Acumen Partners with AlphaSights to Better Access Global Expertise

In our work investing in social enterprises that deliver critical goods to the poor, there is a substantial amount of work to evaluate each investment opportunity. A critical part of the diligence process, particularly when it comes to emerging markets, is speaking with industry experts who can provide reliable information about sector trends, market dynamics and public policy – all of which affect our evaluation of potential investment opportunities. [Read More]

DE-BUNKING THE BURDEN MYTH: IMPACT DATA GOES LEAN

Our manifesto begins, “it starts by standing with the poor.” Yet for good reasons, the sector has found it challenging to measure which customers are actually being served through social impact investments – getting accurate data on incomes is notoriously difficult and the logistical challenge and cost of conducting surveys in person prohibitive. [Read More]

Questions for Aspiring Leaders

Bavidra Mohan, Acumen’s India Fellows Manager, attended this years Aspen IDEAS festival as a Scholar. The Scholarship program was established to invite guests from around the world to bring a diverse set of experiences, voices and perspectives to the rich conversations that take place at the IDEAS festival each year. [Read More]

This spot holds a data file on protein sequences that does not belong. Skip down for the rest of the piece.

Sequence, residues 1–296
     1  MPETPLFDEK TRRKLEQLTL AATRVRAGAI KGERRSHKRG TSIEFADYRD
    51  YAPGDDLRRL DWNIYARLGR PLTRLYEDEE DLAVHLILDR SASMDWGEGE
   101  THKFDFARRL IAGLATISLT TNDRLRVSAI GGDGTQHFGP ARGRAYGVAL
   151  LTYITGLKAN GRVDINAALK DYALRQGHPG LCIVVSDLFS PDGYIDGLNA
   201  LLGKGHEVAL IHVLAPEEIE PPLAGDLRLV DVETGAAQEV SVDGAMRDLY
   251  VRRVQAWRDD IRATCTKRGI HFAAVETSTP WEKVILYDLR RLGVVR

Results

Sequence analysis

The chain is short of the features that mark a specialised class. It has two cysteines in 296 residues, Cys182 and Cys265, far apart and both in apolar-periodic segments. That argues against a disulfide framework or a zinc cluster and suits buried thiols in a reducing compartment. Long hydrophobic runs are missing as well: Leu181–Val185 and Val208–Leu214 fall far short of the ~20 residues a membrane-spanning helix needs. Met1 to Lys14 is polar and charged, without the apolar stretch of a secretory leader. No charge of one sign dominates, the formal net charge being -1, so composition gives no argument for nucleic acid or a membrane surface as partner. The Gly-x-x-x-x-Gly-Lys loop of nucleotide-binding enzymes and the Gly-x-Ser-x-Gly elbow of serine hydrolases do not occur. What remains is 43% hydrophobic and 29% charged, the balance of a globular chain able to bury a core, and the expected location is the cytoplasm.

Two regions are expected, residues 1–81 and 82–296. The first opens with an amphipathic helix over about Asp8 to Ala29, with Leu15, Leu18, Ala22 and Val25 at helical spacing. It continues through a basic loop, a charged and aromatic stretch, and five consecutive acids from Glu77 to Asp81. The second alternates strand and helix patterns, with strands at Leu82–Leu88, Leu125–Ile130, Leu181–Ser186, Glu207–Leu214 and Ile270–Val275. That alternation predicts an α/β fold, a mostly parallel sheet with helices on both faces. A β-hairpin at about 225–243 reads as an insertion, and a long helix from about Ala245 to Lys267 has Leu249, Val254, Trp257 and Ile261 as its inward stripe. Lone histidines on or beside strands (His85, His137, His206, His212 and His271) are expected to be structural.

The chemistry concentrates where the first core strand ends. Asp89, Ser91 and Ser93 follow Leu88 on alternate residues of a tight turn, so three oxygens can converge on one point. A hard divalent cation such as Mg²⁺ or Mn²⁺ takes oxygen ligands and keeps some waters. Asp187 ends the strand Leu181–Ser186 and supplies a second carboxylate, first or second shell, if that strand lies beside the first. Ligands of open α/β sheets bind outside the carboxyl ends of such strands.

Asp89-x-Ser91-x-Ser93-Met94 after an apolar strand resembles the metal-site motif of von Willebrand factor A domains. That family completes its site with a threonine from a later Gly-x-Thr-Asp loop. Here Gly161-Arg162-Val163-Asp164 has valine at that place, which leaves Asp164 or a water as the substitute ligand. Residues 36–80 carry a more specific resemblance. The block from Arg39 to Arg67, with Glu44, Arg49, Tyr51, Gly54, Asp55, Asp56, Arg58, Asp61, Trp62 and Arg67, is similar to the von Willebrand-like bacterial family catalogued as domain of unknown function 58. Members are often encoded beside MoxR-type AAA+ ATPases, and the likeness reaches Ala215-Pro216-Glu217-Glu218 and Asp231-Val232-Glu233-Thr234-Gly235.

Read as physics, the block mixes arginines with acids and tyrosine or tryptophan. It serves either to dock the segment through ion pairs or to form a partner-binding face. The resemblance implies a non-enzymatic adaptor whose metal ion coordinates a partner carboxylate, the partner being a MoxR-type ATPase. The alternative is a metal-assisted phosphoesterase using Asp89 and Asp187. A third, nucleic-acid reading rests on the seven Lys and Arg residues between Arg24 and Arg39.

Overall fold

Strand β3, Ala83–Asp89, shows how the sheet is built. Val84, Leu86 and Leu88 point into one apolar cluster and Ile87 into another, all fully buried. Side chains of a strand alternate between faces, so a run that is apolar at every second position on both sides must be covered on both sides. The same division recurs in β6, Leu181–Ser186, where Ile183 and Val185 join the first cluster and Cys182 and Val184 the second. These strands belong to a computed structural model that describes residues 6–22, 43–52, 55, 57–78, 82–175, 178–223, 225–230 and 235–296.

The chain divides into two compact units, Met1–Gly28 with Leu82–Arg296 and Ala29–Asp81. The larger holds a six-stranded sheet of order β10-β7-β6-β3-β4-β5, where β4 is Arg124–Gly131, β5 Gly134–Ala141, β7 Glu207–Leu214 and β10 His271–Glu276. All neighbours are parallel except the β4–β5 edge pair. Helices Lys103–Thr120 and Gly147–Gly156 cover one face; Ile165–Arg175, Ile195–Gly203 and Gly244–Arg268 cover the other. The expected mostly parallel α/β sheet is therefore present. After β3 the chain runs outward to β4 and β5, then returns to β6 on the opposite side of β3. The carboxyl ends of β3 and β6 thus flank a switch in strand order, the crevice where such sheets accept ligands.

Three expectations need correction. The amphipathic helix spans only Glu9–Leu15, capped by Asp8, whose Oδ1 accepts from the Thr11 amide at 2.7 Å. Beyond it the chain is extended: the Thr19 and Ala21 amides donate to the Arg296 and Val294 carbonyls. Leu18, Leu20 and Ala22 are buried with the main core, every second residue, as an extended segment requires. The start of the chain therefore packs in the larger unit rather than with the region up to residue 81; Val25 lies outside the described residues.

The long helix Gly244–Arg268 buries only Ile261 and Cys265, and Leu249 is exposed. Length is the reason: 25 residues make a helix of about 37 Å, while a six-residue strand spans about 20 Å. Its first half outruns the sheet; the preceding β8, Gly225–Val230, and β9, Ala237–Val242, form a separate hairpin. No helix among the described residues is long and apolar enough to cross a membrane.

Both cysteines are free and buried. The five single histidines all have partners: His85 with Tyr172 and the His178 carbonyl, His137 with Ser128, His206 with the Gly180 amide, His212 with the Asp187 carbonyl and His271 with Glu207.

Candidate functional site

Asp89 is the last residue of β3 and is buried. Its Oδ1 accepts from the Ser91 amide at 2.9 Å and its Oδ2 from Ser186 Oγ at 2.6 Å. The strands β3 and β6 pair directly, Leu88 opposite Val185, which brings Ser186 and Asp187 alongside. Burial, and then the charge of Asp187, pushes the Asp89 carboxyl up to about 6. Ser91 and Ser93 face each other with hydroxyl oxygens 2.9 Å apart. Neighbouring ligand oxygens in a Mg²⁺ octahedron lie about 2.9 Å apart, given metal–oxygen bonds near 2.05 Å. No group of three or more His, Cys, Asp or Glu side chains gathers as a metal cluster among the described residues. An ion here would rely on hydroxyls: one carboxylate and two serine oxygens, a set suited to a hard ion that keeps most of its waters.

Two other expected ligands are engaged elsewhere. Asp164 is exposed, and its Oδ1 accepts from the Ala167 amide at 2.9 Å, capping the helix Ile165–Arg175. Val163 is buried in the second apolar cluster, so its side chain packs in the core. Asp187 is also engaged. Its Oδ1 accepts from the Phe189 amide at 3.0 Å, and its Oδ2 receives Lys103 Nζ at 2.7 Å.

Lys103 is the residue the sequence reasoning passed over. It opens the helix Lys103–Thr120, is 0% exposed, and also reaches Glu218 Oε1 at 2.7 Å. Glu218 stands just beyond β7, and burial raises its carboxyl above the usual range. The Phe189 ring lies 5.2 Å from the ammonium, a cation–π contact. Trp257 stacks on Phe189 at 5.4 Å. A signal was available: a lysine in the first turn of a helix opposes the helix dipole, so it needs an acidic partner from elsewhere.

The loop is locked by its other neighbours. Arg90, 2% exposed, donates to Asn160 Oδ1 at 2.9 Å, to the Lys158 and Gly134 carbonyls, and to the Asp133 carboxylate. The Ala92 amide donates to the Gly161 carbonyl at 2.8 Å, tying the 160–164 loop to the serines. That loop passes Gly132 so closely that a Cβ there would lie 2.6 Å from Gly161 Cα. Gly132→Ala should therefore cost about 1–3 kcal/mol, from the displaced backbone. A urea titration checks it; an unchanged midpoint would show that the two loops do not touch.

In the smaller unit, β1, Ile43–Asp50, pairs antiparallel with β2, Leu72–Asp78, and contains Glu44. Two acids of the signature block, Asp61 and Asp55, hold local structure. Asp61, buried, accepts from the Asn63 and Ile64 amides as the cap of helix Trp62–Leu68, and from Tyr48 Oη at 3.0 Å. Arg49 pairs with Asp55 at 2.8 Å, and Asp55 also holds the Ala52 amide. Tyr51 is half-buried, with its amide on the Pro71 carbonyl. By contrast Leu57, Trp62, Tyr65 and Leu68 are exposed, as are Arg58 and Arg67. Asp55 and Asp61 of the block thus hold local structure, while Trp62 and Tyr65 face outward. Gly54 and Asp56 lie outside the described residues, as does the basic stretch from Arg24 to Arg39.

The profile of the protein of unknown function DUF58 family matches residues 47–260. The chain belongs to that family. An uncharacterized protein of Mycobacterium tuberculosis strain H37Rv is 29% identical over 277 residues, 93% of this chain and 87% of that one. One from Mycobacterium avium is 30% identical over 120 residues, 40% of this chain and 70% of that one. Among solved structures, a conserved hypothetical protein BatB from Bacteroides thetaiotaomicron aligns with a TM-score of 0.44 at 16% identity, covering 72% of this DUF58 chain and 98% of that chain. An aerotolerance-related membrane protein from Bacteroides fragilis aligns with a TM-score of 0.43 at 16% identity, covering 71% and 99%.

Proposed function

Give Impact Investing Time and Space to Develop

Impact investing has captured the world’s imagination. Just six years after the Rockefeller Foundation coined the term, the sector is booming. An estimated 250 funds are actively raising capital in a market that the Global Impact Investing Network estimates at $25 billion. Giving Pledge members described impact investing as the “hottest topic” at their May 2012 meeting, and Prime Minister David Cameron extolled the potential of the sector at the most recent G8 summit.  Sir Ronald Cohen and HBS Professor William A. Sahlman describe impact investing as the new venture capital, implying that it will, in the next 5 to 10 years, make its way into mainstream financial portfolios, unlocking billions or trillions of dollars in new capital. [Read More]

10 Books We’re Reading This Summer